It is almost the start of a new year as I decide what is important to do and the part I want to play in it. Some people are do things, some people watch and some people stick their head in the sand. Who are you?

I’m going to end this with an except from Marlon Peterson’s website. I encourage you to go there and read more. Pass this on to your friends. I sent it to Jamie. He is fired up to start studying and take control of where his life is going after he gets in only six more short years.

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Marlon is the founder and chief re-imaginator of

The Precedential Group, a social justice consulting firm, and a 2015 recipient of the prestigious Soros Justice. Ebony Magazine has named him one of America’s 100 most influential and inspiring leaders in the Black community.  He is also an Aspen Ideas Festival Scholar.

Marlon spent his entire 20’s inside of New York State prisons for his involvement in a crime as a teenager. During that time he earned an Associates Degree in Criminal Justice with Honors. He spent the last five years of his incarceration as the head of the Transistional Services Center where he created programming and curricula for men nearing release from incarceration. He also spearheaded and designed an experiential workshop for incarcerated men and college students from Vassar College called, “Vassar & Otisville–Two Communities Bridging the Gap.”

During his incarceration he collaborated with friend, author, and founding principal of Mott Hall Bridges Academy, Dr. Nadia Lopez, to create a letter correspondence mentorship program with middle school students.  This program set the foundation for the creation of H.O.L.L.A. (How Our Lives Link Altogether). Serving as the founding executive director, HOLLA is a 2016 recepient of an Echoing Green Fellowship under the leadership of the current executive director, Andrew Cory Green.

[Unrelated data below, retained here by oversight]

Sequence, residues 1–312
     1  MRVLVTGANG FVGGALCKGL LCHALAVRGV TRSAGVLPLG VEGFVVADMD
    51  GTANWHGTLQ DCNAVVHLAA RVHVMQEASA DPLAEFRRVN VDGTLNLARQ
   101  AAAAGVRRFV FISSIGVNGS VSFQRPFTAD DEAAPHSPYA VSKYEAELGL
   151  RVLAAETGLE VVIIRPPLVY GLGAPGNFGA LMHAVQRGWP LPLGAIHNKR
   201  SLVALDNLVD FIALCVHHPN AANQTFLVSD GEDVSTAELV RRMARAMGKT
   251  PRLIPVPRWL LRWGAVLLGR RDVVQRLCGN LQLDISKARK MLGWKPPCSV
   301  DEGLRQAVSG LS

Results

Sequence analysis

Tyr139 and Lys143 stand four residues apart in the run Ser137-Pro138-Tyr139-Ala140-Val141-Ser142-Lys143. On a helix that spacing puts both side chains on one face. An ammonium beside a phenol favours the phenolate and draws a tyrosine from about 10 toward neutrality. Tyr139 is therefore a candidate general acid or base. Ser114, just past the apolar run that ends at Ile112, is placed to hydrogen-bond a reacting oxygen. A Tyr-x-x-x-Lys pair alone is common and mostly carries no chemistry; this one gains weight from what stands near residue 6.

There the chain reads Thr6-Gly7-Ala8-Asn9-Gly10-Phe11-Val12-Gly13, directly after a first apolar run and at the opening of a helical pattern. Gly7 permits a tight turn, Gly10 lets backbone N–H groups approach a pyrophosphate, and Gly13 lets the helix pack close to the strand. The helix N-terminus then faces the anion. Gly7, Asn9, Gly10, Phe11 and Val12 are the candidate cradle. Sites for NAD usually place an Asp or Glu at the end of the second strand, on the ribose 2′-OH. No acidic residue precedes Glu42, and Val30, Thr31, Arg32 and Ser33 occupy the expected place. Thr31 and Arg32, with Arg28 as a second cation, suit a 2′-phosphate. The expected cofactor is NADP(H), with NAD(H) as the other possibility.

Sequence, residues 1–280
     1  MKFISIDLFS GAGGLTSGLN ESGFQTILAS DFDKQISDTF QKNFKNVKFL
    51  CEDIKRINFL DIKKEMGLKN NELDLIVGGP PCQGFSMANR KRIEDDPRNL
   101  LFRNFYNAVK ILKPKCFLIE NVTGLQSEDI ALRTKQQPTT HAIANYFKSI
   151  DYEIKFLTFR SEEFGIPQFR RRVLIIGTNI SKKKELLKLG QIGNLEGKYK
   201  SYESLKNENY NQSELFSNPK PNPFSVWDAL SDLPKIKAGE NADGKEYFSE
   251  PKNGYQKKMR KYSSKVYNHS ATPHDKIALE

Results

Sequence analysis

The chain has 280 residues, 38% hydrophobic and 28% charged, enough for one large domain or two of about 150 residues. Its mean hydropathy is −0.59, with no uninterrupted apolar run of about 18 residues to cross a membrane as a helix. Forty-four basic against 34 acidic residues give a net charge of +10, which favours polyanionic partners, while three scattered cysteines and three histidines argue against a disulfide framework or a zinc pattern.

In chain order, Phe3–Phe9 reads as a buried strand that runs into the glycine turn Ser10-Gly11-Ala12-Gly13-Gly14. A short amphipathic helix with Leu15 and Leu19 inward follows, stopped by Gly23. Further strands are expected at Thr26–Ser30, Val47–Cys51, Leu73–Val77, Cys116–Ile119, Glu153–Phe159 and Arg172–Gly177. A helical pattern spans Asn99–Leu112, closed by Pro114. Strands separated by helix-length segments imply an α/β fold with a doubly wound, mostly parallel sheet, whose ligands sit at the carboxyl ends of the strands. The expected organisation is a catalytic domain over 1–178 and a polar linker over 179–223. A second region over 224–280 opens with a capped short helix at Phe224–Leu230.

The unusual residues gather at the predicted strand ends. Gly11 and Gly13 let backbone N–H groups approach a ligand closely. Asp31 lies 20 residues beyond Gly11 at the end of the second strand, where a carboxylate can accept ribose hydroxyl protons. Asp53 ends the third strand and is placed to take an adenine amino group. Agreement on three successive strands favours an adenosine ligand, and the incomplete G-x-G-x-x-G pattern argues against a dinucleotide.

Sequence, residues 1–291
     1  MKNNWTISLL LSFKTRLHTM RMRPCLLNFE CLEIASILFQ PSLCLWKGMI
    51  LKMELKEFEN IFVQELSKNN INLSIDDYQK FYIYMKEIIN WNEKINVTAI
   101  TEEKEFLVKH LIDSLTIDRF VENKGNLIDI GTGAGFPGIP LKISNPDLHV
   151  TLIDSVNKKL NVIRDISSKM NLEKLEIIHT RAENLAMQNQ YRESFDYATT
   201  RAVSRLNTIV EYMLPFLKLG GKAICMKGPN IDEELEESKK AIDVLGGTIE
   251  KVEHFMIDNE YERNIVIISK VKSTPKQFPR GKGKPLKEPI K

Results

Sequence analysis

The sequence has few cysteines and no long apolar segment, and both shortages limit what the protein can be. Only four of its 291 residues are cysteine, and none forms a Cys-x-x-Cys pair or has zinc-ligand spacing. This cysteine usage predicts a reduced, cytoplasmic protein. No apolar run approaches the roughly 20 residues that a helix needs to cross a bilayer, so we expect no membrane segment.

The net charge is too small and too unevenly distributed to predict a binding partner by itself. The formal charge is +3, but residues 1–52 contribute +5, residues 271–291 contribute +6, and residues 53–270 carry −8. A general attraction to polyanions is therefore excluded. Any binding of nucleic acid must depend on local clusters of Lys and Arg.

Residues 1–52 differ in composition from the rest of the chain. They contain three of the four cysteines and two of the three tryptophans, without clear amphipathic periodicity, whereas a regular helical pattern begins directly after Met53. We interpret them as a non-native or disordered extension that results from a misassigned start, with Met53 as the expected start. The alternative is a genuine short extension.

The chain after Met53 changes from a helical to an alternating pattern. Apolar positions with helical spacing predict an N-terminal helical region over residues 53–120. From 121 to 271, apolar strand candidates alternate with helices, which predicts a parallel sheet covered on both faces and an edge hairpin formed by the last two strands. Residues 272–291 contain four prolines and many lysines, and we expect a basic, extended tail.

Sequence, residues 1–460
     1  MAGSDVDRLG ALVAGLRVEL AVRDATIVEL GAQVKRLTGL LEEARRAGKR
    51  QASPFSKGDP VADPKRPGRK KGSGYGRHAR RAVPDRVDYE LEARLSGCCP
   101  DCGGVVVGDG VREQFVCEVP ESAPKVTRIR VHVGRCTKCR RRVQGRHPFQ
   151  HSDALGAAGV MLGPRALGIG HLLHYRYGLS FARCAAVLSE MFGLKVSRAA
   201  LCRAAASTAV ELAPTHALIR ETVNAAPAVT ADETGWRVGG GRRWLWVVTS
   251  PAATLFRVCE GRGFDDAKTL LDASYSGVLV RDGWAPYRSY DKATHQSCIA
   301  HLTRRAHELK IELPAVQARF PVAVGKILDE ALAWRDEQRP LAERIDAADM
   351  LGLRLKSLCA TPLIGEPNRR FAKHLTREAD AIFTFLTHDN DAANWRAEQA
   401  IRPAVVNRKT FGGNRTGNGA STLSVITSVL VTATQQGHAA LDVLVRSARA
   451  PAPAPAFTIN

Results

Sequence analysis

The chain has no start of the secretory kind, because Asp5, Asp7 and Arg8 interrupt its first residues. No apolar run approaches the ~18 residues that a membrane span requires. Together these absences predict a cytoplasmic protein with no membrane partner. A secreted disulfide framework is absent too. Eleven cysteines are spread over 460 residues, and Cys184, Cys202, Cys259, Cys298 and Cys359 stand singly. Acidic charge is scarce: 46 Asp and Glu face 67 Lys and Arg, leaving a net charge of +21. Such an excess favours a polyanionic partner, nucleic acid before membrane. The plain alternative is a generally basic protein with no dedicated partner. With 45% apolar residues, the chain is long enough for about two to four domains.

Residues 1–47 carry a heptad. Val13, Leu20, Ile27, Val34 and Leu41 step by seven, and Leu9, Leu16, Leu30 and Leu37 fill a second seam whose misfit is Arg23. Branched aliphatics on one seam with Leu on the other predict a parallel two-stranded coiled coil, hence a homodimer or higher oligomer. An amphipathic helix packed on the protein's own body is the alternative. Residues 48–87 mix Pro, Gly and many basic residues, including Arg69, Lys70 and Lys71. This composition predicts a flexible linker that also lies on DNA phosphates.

Since his release in prison in December 2009, Marlon has held several nonprofit positions. He is the former Director of Community Relations at The Fortune Society,and previously served as the Associate Director of the Crown Heights Community Mediation Center, founding coordinator of Youth Organizing to Save Our Streets, and co-founder of How Our Lives Link Altogether (H.O.L.L.A!). Marlon also serves as board chair of Families For Freedom and board member of New Yorkers Against Gun Violence.

Marlon graduated from New York University with a Bachelors of Science with a concentration on Organizational Behavior.

Marlon’s writings have appeared in Ebony, Gawker, The Nation, The Crime Report, Black Press USA, Huff Post, and other online publications.  He has contributed to Kiese Laymon’s award winning novel, How to Slowly Kill Yourself and Others in America and Love Lives Here, Too by former New York Times columnist, Sheila Rule. 

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 THE NEXT MONTHLY ISSUE OF THE ITFO NEWSLETTER WILL BE GOING OUT SOON. TAP THE LINK TO GET IT DELIVERED TO YOUR INBOX. EACH ISSUE NOW WILL FOCUS ON A DIFFERENT ASPECT OF PRISON ISSUES EACH MONTH. THERE HAS BEEN NO TALK OF PRISON REFORM SINCE THE BEGINNING OF THE ELECTION CAMPAIGN WHEN EVERYONE JUMPED ON THE BANDWAGON SAYING THEY WOULD BE THE ONE TO FIX IT. NOW NOTHING IS BEING SAID. IT WILL BE THE PEOPLE DEMANDING CHANGE THAT HAS THE ONLY CHANCE OF CHANGING THIS. PLEASE POST THIS ON YOUR OWN SM AND ASK YOUR FRIENDS TO SHARE IT, TOO. WE’VE SEEN WHAT HAPPENS WHEN PEOPLE COME TOGETHER AS THE AMERICAN INDIANS HAVE DONE. WE NEED TO MAKE PRISON REFORM IMPORTANT, NOT JUST TALK ABOUT IT. CAN WE DO THAT?